“So in a lot of respects, we set up this template that was followed pretty quickly and pretty successfully by people like John Butler and Sneaky Sound System, and of course that’s the model now, sometimes, to just put things out on your own label – but we showed it could be done.”
Independently made on a shoestring budget using “guerrilla” tactics, the enormity of ‘…Nightcap’s success was a surprise to the band.
“In the old days you had to try and get some capital to make your recordings, because it was so expensive to make recordings – so you borrowed money from the record label, and if you were one of the few that ‘popped’ unfortunately you had to give them 65 per cent of the money so they could keep everyone else and themselves in clothing,” Freedman laughs.
“I was throwing away some files the other day, and we made [‘Eternal Nightcap’] for something like $18,000, [which] in those days was nothing, because it was hard to get into a studio.”
Tim says co-producer Rob Taylor had reminded him of the recording process while they were preparing for their appearance at the Classic Australian Albums series at the National Film and Sound Archive.
“He reminded me of how many different studios we used to run into at midnight and get favours for, and quickly put down a few guitar solos and run out again,” he laughs. “So it was a classic sort of guerrilla album production.”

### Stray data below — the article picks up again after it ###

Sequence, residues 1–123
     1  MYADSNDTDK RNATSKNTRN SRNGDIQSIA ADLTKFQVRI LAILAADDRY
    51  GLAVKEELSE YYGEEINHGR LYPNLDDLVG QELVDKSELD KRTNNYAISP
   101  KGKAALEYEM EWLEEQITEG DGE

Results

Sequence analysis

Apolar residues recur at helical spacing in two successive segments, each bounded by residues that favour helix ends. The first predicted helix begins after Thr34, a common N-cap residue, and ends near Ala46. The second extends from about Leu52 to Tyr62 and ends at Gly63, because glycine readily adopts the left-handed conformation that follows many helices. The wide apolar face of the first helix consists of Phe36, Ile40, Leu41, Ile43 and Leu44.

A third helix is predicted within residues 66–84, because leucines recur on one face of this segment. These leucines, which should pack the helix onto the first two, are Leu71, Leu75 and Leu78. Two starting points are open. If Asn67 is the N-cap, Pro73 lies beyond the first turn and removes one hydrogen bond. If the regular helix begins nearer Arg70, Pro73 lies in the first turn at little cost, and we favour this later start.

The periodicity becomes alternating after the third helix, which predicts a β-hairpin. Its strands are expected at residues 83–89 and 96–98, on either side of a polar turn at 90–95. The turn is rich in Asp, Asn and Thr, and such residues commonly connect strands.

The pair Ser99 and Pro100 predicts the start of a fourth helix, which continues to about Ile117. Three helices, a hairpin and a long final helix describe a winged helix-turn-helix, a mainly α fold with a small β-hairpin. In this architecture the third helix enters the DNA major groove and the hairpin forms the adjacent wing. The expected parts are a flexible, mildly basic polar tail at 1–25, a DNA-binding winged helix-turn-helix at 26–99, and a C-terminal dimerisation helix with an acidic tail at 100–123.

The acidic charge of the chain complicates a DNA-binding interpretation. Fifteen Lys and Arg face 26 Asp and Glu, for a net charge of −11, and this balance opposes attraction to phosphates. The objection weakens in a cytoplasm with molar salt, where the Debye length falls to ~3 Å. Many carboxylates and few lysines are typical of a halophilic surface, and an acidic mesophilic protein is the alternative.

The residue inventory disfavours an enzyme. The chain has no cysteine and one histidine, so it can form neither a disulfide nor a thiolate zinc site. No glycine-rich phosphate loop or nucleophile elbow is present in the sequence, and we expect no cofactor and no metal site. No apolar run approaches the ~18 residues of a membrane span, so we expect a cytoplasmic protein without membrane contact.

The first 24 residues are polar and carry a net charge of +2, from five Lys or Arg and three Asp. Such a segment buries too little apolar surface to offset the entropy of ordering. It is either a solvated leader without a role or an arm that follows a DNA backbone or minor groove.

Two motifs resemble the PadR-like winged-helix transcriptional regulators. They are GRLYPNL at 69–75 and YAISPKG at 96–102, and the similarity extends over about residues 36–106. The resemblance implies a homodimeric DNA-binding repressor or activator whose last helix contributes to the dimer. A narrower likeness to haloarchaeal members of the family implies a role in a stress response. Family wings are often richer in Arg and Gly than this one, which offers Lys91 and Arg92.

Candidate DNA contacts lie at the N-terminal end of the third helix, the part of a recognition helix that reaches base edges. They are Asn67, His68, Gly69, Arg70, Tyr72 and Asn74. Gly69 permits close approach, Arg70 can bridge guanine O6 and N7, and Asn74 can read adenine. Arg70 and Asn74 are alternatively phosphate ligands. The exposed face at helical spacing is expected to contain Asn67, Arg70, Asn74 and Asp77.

Freedman has been busy rehearsing not only for the Eternal Nightcap 25th anniversary tour, which kicks off in September, but also for The Whitlams Black Stump Band shows, which will run through August.
“Now I have a two-pronged Whitlams attack,” Tim laughs. “[We’re] tending to tour more in country towns, in the regions, with the Black Stump material, which has a bit of Americana and alt. country [feel] to it, and has a slightly different repertoire – a few new songs and country covers as well as re-done Whitlams songs.
“And then we’ve got The Whitlams classic, which tends to play the capital cities, and we do a muscular version of the last seven albums, with Jak Housden and Terepai Richmond and our new bass player, Ian Peres.”
Peres filled in when Richmond and Freedman did some trio shows while band members were stuck in various States during COVID, and impressed them with his energy and talent.
“He’s not just a bass player; we’ve been sharing some keyboard parts as well for the new album, we were just working that out yesterday so we can give it some extra layers,” Freedman says.
“I had a listen to ‘Nightcap’ a few nights ago – I hadn’t heard it for a decade – and I got a bit surprised by how much is going on in there, so I suddenly had a bright idea to get a second keyboard up on stage and use Ian’s broad talents.”
The Whitlams will be performing ‘Eternal Nightcap’ in its entirety on this tour. “A lot of the arrangements have changed a little bit over the years, but I’m going to bring it back a little bit to what the album sounded like, as an experiment,” Freedman says.
“So it’ll be a nice, long show in two halves, really. We’ll probably play three songs from [2022 album] ‘Sancho’, and a couple from each of the other albums.”